Blogger: Jessie Cohen
On entering the AOM workshop, architect-come-fine-artist Lorenzo Nassimbeni is already in work mode, pacing with a mug and a pen while eyeballing his prints, which are in their early stages. It is Nassimbeni’s third time in the workshop and he is raring to go.
The artist is working on two parallel bodies of prints – three large, six small. “As an architect”, he says, “I am interested in the printmaking process for its similarities and its differences to processes used in architecture. For designing a building in architecture the drafting process is intensive from beginning to end. Producing a print of a selection of buildings follows a similarly layered process, together with concerns around line, tone, methods for bringing areas forward and pushing parts back.”
Nassimbeni begins by speaking about the larger prints, pictured – in progress – below:
These prints are an abstract depiction of a recent journey that the artist took through Hillbrow. He traversed the area by foot, specifically documenting buildings that were built in the 1970s and 1980s on his iPhone.
Back in the studio, Nassimbeni traced his photographs directly from his phone, drafting the structures in an architecturally precise manner.
After that, Nassimbeni scanned the tracings onto his computer and began a digital layering process, which he explains below:
“When tracing the buildings, I drew clean lines to reference the pristine state of these structures and the standards of living in the area in the past. Once scanned into Photoshop, these carefully drafted lines serve as the first layer of my print. I then re-traced the same buildings in free-hand, scanned it in and digitally magnified the lines so they became thick, rough and grainy. After that, I layered the thick lines onto the original crisp ones. This second layer of line is referencing the Hillbrow we see today.”
The artist’s quality of line carries metaphorical meaning relating to the effects of time on a densely populated area. His line work operates on two levels – geometric and socio-economic.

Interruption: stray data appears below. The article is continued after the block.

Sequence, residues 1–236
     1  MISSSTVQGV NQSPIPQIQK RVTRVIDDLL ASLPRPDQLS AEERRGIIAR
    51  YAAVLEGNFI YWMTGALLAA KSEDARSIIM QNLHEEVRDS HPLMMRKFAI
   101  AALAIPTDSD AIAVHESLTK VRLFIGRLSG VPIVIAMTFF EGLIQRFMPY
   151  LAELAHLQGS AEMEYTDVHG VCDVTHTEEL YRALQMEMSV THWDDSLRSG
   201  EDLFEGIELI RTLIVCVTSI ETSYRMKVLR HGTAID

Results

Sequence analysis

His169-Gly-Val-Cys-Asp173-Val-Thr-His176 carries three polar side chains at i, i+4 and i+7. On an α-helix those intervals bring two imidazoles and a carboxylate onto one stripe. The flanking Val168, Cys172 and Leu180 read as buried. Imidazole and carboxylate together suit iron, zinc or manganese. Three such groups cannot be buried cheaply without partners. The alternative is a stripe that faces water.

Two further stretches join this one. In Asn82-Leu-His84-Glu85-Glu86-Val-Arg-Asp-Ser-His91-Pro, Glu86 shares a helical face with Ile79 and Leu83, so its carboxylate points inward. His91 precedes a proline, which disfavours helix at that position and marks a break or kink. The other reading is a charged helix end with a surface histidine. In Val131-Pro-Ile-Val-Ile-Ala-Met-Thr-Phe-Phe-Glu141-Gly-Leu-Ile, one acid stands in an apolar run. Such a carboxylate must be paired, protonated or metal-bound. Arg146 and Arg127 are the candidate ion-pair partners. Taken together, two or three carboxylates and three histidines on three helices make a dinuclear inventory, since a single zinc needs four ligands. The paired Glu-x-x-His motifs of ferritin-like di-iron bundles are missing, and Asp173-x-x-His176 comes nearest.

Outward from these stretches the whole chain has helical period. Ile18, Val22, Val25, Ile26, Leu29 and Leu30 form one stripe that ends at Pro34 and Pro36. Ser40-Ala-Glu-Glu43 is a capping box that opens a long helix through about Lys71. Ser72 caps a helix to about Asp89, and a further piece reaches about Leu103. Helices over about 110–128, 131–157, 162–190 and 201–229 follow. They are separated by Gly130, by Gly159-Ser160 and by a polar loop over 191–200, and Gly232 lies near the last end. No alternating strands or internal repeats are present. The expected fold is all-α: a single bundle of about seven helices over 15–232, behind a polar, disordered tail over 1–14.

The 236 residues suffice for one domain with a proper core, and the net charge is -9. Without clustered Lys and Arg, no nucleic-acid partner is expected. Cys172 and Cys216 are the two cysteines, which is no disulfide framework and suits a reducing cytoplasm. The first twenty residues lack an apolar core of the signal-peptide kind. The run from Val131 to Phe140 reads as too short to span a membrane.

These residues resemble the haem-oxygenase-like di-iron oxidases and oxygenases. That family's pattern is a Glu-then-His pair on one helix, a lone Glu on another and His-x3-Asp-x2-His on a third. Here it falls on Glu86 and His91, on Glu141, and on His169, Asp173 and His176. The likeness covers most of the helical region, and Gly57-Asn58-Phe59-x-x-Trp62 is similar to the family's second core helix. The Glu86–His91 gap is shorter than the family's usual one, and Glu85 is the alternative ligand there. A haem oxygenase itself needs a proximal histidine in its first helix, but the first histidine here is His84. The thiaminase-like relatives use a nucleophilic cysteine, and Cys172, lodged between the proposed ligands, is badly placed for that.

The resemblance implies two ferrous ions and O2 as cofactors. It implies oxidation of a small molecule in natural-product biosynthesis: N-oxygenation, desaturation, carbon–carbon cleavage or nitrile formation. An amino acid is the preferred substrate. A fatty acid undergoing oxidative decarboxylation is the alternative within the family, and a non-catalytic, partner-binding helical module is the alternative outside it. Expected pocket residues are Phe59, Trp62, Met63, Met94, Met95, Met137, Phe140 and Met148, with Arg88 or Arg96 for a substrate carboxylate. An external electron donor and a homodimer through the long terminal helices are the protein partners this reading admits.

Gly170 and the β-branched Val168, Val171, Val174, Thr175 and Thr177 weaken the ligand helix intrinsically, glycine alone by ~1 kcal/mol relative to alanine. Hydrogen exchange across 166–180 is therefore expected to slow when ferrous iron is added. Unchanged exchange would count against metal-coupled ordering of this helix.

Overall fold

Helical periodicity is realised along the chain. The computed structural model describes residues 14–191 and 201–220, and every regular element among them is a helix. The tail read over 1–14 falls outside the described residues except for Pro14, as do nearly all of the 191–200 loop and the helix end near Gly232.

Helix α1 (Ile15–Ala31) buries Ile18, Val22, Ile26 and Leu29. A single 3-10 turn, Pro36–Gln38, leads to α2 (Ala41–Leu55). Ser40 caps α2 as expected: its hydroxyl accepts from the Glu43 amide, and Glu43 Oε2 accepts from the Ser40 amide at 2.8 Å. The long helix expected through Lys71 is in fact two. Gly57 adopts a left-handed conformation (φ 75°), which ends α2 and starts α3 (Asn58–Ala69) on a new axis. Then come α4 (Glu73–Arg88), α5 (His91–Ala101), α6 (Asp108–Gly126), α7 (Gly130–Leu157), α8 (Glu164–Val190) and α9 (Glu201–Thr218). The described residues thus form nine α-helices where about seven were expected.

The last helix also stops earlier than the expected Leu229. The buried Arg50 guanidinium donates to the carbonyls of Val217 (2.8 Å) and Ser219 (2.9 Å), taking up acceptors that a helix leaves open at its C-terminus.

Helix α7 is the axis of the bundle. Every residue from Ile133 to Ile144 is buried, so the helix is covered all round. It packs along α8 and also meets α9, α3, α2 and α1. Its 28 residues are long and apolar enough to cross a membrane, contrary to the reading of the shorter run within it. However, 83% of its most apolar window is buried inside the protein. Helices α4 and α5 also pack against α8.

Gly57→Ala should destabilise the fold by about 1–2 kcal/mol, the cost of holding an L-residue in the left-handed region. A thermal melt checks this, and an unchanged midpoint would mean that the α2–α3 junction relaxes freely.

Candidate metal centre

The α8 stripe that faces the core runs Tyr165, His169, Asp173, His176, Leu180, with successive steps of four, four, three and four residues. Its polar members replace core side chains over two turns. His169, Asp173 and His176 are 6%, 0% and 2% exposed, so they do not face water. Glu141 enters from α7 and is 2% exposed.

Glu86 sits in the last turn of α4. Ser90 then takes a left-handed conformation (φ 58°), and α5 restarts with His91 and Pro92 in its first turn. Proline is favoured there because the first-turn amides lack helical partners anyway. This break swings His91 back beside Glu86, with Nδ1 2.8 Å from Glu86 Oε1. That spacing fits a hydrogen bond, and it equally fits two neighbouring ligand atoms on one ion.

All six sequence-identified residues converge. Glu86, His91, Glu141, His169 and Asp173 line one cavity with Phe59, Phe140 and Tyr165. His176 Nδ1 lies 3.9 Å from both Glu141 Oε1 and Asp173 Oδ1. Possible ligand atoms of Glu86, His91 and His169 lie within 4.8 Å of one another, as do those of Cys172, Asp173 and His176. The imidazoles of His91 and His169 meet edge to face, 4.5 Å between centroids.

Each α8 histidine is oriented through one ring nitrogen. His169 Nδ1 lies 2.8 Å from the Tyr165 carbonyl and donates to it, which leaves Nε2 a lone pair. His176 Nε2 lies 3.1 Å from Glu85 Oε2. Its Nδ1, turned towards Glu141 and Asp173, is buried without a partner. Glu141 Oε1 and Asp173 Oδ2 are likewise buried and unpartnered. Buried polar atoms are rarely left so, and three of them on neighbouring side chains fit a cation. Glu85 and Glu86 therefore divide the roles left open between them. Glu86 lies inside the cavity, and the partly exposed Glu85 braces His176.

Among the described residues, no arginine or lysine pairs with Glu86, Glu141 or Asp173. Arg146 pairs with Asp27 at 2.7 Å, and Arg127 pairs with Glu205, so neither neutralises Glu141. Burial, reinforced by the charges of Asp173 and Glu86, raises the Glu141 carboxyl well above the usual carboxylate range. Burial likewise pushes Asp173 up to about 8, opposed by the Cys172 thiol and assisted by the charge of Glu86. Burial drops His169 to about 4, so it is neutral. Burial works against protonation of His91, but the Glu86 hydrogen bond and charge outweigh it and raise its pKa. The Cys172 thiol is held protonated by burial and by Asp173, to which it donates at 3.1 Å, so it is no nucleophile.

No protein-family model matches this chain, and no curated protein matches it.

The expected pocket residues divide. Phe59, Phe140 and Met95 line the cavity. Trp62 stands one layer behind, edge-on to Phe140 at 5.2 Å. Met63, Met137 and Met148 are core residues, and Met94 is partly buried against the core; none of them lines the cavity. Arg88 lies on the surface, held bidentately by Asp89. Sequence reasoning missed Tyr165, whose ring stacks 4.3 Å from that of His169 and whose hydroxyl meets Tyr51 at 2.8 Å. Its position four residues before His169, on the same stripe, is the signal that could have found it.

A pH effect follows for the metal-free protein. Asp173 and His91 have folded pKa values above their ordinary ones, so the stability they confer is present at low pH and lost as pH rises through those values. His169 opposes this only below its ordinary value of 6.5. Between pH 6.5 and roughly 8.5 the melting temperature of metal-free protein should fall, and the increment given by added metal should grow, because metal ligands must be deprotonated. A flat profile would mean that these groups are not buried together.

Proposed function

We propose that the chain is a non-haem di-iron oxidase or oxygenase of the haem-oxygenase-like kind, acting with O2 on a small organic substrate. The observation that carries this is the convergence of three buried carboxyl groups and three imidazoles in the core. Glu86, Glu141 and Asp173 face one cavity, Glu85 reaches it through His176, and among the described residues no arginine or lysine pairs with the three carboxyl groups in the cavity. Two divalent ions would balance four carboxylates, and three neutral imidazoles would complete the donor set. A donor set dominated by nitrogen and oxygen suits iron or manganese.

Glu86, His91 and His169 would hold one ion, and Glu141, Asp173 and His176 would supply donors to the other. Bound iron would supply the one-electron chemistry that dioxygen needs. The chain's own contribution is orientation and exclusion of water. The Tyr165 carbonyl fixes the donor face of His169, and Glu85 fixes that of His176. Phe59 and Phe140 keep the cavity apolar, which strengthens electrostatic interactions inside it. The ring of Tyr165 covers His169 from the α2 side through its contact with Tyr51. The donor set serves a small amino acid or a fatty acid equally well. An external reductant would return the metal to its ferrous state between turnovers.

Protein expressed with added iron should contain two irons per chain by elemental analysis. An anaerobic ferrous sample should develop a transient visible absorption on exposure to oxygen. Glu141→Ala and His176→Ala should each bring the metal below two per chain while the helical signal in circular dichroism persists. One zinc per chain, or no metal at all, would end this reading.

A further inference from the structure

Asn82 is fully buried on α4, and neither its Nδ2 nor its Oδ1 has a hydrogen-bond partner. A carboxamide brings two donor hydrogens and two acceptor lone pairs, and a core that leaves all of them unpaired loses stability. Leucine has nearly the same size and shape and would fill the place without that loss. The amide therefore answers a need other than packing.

Nassimbeni: “I want to explore the physical dimensions of Hillbrow as it once was in relation to how it is today. The demographic has changed considerably over a short period of time along with its state of wealth. I targeted buildings that were brand new in the late twentieth century but have become dilapidated.”
Nassimbeni currently lives in Johannesburg, but was born and raised in Cape Town where he developed a fascination with the realities of South Africa’s narrative of social change as it is reflected in dilapidated architectures and geographical spaces.
Of late, he has homed in on Johannesburg in his art. Nassimbeni takes as his visual starting point that the city grew from a small triangular chunk of land called “uitvalgrond”, meaning “surplus ground”. This was land deemed useless for farming and was sectioned off to build a city, which expanded considerably from 1886 when gold was discovered.
Before considering this context in his current prints, Nassimbeni made a sculpture, titled Josie, which is currently on display at Arts on Main.
For both the sculpture and the prints, processes of tracing, scanning and digitally enlarging lines were undertaken. For the artist, this complex approach to line is necessary in order to give an honest and visceral portrayal of an area like Hillbrow.
Nassimbeni’s current prints are part of a wider project of his, called Falling in… As implied in the title, the series is a visualisation of the artist’s attempt to orientate himself in a new city, “freeing falling”, as it were, into its fraught but fascinating dynamics.
To read more about the project, please click: http://www.designindaba.com/articles/creative-work/lorenzo-nassimbenis-drawings-capture-essence-cities
The process: Aquatinting the larger plates
For making the prints, the printing team work across a number of plates.
Then the plate goes in an aquatint box where it is layered in rosin. Following this, printer Kim-Lee Loggenberg burns the rosin onto the plate before putting it in acid.
Later on, Kim-Lee degreases the plate:
Meanwhile, Nassimbeni makes a third plate:
Jill uses two separate plates (seen above) to proof the third large print:
Nassimbeni’s parallel project is a series of six very small (10 x 7.5cm) prints in which he pays homage to the printing process itself, specifically in relation to the larger prints. He has diligently documented the process with his phone.
Nassimbeni reiterates that these mini plates are “process-driven, ex-ray-lake studies that map the process of the bigger works.”
Nassimbeni: “As I’ve never done sugar lift before, I am paying homage to the technique by documenting each stage of the process and using my photographs as context for more drawing. I guess you could call these conceptual sketches. My approach is somewhat architectural insofar as I am doing concept sketches of buildings, but with the final outcome being a print rather than a physical structure”.
Here is a sneak peek one of the six proofs:
As always in the workshop, it has been an overall collaborative effort. After each proofing, Nassimbeni discusses methods for activating areas and shapes by bringing parts forward and making particular line correlations recede into the background.
The team gather round to celebrate the final proofs for two of the large prints:
To read more about Lorenzo Nassimbeni and to see more examples of his work, please refer to our profiling page: http://davidkrutprojects.com/artists/lorenzo-nassimbeni